When I was invited to create this post, a number of topics came to mind. But I decided to start our conversation with my response to the question: why do I write?
I am a Colombian woman designer who promotes venture projects in a region in which it is difficult to grow a business. In my daily work life, I ask entrepreneurs why they do what they do; why do they take the risk of possible failure? Usually, once we know the why, finding the how is much easier.
Design communicates message (i.e., the form, the method, is the message) and is therefore the problem of the designer, but the message, the why, is the great problem of the entrepreneur. Entrepreneurs often have a hard time finding and believing in their own voice; I had the very same problem in art school. I was what you might call a very dedicated student.
In my cohort, I studied with 4 women and almost 40 men. In Colombia, the percentage of men who pursue higher education is much higher than that of women. Unfortunately, under these circumstances, as women, we see each other as competition, which is the reason why we rarely work together. As a result, when a professor asked us for something, I always expected someone else with more courage to answer. But something changed during my last year in the university. My thesis advisor, the man who was probably the most accomplished of the faculty, always challenged me to give my opinion during the academic discussions. It seemed he was always waiting for my input and ready to listen to me. Thanks to my research, hard work, and the accompaniment of my professor, I was persuaded that I actually have something important to contribute. After that, my research in entrepreneurship and design led me to speak in well-recognized academic spaces. Step by step, I was discovering my design voice.
Due to my faith as a Christian, I understand my work, including design work, to be a service opportunity. Nonetheless, the business world is hard, each person looking for their own best interest, and profit margins. Recently, I had been meditating on the letters of Paul to Timothy. Among these letters, I found, on the one hand, what could be the description of ‘a typical businessman’: people who love themselves, lovers of money, boastful, proud, abusive, unforgiving, slanderous, without self-control, brutal, treacherous, rash, conceited, among others (2 Timothy 3:1-5). And on the other hand, a message to that ‘businessman’: “Command those who are rich in this present world not to be arrogant… to do good, to be rich in good deeds, and to be generous and willing to share” (1 Timothy 6:17-19). I adopted this message for me and my work. Advising entrepreneurs is my way to seek justice, equality, and help create healthy relationships between employer and employees. I have the opportunity to shape a business when it is still forming.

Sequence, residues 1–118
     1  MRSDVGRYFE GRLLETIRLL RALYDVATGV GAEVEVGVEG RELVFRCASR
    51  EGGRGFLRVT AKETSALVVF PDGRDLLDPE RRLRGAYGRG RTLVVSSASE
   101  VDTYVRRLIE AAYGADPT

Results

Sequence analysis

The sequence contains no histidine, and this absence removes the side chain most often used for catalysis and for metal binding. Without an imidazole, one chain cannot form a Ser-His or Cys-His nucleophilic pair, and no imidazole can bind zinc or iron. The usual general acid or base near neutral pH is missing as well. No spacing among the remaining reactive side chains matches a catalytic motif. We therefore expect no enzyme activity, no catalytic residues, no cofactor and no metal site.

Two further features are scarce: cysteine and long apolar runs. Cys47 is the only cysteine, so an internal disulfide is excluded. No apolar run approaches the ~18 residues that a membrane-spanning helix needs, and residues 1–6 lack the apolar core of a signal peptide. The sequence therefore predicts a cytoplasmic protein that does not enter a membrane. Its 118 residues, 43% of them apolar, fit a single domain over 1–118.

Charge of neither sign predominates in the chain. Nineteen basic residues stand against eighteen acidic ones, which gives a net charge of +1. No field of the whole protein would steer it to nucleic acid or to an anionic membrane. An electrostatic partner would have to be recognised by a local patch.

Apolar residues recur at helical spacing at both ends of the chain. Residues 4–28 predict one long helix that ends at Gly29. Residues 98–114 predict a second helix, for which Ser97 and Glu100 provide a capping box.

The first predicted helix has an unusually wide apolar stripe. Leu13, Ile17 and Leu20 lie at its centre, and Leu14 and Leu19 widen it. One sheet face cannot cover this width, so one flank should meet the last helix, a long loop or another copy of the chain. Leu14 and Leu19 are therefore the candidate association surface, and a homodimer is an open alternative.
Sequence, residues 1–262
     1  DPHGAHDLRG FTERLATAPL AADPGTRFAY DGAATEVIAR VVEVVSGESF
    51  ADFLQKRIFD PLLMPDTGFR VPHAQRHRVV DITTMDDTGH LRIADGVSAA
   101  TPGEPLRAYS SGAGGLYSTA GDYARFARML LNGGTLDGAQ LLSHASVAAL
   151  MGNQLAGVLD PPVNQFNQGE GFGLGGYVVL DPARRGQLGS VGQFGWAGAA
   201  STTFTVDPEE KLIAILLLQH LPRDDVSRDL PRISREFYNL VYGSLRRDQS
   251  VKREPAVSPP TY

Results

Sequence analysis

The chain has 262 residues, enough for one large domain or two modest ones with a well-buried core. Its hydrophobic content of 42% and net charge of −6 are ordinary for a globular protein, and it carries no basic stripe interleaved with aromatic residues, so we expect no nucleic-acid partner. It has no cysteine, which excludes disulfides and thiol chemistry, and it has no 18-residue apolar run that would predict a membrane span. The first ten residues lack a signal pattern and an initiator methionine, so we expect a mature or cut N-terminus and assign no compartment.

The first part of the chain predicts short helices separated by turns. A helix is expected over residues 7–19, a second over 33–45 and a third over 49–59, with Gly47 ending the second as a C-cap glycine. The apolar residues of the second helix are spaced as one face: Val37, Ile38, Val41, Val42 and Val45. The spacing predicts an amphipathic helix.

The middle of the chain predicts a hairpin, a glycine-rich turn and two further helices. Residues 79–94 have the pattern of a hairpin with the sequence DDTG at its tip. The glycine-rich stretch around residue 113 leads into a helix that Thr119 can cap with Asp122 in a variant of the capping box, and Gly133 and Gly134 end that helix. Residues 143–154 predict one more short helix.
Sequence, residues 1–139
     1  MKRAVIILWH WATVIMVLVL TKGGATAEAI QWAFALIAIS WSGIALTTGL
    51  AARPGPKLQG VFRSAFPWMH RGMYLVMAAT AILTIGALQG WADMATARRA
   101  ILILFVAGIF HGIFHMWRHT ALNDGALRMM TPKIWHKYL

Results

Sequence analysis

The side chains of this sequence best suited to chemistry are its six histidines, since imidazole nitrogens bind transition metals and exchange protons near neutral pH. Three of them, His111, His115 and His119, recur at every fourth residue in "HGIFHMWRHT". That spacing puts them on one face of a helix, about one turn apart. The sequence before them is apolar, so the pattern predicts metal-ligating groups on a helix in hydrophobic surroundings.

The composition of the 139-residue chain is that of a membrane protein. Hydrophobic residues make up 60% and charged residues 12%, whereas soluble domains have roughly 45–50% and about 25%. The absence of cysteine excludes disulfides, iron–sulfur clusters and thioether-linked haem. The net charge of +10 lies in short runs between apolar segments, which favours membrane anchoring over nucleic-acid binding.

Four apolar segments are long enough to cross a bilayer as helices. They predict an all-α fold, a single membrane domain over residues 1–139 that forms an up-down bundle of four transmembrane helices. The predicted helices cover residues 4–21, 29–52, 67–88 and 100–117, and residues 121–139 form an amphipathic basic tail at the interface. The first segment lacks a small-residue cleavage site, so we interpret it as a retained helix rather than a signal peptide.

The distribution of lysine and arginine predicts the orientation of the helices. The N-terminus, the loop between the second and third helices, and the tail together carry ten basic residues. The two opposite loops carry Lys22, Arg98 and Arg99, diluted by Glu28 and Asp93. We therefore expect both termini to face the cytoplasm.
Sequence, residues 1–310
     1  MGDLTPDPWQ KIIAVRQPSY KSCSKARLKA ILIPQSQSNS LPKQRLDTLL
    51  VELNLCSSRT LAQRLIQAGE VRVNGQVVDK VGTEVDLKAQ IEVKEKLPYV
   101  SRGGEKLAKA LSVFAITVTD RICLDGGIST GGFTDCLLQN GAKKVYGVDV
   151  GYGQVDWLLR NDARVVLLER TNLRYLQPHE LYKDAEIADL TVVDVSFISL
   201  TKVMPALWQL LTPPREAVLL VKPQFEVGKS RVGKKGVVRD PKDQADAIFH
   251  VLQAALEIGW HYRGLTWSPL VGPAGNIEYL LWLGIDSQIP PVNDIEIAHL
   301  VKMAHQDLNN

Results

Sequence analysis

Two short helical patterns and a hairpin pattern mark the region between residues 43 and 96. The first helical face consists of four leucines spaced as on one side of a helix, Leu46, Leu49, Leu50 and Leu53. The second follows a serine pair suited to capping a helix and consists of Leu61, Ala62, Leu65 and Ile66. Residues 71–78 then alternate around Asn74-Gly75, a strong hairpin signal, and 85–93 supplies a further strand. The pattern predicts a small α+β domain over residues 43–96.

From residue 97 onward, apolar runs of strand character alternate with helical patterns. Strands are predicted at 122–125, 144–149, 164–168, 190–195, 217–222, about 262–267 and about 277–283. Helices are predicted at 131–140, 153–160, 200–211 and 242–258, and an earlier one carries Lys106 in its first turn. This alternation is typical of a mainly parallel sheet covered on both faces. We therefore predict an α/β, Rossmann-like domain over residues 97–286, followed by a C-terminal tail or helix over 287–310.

For example, last year, I met a woman who had an incredible coffee business. But when I started to work with her, I noticed that she was really scared. The coffee business in Colombia is controlled by traditional male-headed families. She felt very insecure about negotiating with men because she believed that she had to be more beautiful than intelligent to pull it off. “Nobody will take me seriously if I talk about coffee,” she said. For me, I believe entrepreneurship allows women to sit at the men’s table and negotiate at the same level as them. Once we achieve that place of power, however, we cannot just sit quietly at the table. Even though my job was to design a brand, my purpose working with her became about empowering her voice and her message.
In my startup, all voices are listened to. No one matters more than others. The entrepreneur, the expert, and the client have a voice at the design table. During the design sessions with the woman entrepreneur in the coffee business, we defined the purpose, the tone, the personality, and the principles of the brand. By the time we finished the design process, I submitted a colorful, funny, and contemporary brand and she had started recording a podcast about coffee. She discovered that she really had a lot to say, and people could and would believe in her!
All this to say that academic research led me to discover my voice, my faith led me to discover my ethical commitments, and the entrepreneurial road drove me to empower women’s voices. The half of the world that has nothing to say is usually the one making the most noise, but the other half that is in silence have deep and meaningful things to say; they think it is irrelevant, but it is not. I am convinced that each of us has something to say to the world, and when we discover it, finding the how is the problem of design.
Laura Casasbuenas: Industrial designer and youth Colombian Entrepreneur. Her startup Wabi, combines business thinking with design thinking to building innovative, commercially viable, and socially responsible ventures in the Latin American region. https://wabitaller.wordpress.com/conocenos/